Bolshevism: The Enemy of Political and Industrial Democracy

By John Spargo | Go to book overview

CHAPTER III
THE WAR AND THE PEOPLE

I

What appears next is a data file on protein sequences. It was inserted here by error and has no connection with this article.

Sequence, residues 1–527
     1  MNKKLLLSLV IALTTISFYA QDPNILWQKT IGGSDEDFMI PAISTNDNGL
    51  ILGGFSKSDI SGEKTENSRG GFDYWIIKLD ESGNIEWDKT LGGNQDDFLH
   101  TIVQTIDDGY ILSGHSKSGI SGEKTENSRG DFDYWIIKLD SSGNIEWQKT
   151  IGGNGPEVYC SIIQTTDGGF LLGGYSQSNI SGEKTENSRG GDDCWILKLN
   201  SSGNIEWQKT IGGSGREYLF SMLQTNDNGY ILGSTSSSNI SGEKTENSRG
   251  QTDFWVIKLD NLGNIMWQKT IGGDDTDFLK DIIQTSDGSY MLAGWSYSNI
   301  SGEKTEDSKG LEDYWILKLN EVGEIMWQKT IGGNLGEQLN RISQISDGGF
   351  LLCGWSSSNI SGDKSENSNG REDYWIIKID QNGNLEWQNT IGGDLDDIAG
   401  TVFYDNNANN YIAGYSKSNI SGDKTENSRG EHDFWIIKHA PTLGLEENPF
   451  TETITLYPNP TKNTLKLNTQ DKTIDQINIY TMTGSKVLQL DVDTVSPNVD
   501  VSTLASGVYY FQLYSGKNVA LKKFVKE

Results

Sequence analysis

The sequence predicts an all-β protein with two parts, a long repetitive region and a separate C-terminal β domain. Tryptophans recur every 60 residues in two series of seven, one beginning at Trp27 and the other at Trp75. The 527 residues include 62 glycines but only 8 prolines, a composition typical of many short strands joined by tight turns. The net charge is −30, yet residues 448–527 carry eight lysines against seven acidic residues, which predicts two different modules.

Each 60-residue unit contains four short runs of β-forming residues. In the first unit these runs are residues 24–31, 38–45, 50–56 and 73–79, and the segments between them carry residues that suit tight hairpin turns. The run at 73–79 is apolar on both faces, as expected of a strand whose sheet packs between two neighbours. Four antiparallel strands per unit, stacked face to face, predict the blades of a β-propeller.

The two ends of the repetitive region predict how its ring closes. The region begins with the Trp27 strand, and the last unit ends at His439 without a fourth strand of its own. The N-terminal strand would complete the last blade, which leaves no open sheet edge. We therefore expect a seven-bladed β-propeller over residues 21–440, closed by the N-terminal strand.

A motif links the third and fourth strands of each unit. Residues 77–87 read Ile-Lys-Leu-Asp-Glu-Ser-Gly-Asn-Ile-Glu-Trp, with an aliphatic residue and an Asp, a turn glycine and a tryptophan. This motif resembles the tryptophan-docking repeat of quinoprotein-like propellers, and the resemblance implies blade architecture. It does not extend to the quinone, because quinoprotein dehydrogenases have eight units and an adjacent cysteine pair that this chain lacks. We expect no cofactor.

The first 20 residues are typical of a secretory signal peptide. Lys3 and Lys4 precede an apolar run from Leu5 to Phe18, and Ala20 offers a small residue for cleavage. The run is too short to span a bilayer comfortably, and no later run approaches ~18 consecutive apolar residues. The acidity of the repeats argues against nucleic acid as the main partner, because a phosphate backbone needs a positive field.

THE war against Austria and Germany was not unpopular. Certainly there was never an occasion when a declaration of war by their rulers roused so little resentment among the Russian people. Wars are practically never popular with the great mass of the people in any country, and this is especially true of autocratically governed countries. The heavy burdens which all great wars impose upon the laboring class, as well as upon the petty bourgeoisie, cause even the most righteous wars to be regarded with dread and sorrow. The memory of the war with Japan was too fresh and too bitter to make it possible for the mass of the Russian people to welcome the thought of another war. It cannot, therefore, in truth be said that the war with the Central Empires was popular. But it can be said with sincerity and the fullest sanction that the war was not unpopular; that it was accepted by the greater part of the people as a just and, moreover, a necessary war. Opposition to the war was not greater in Russia than in England or France, or, later, in America. Of course, there were religious pacifists and Socialists who opposed the war and denounced it, as they would have denounced any other war, on general principles, no matter what the issues involved might be, but their number and their influence were small and quite unimportant.

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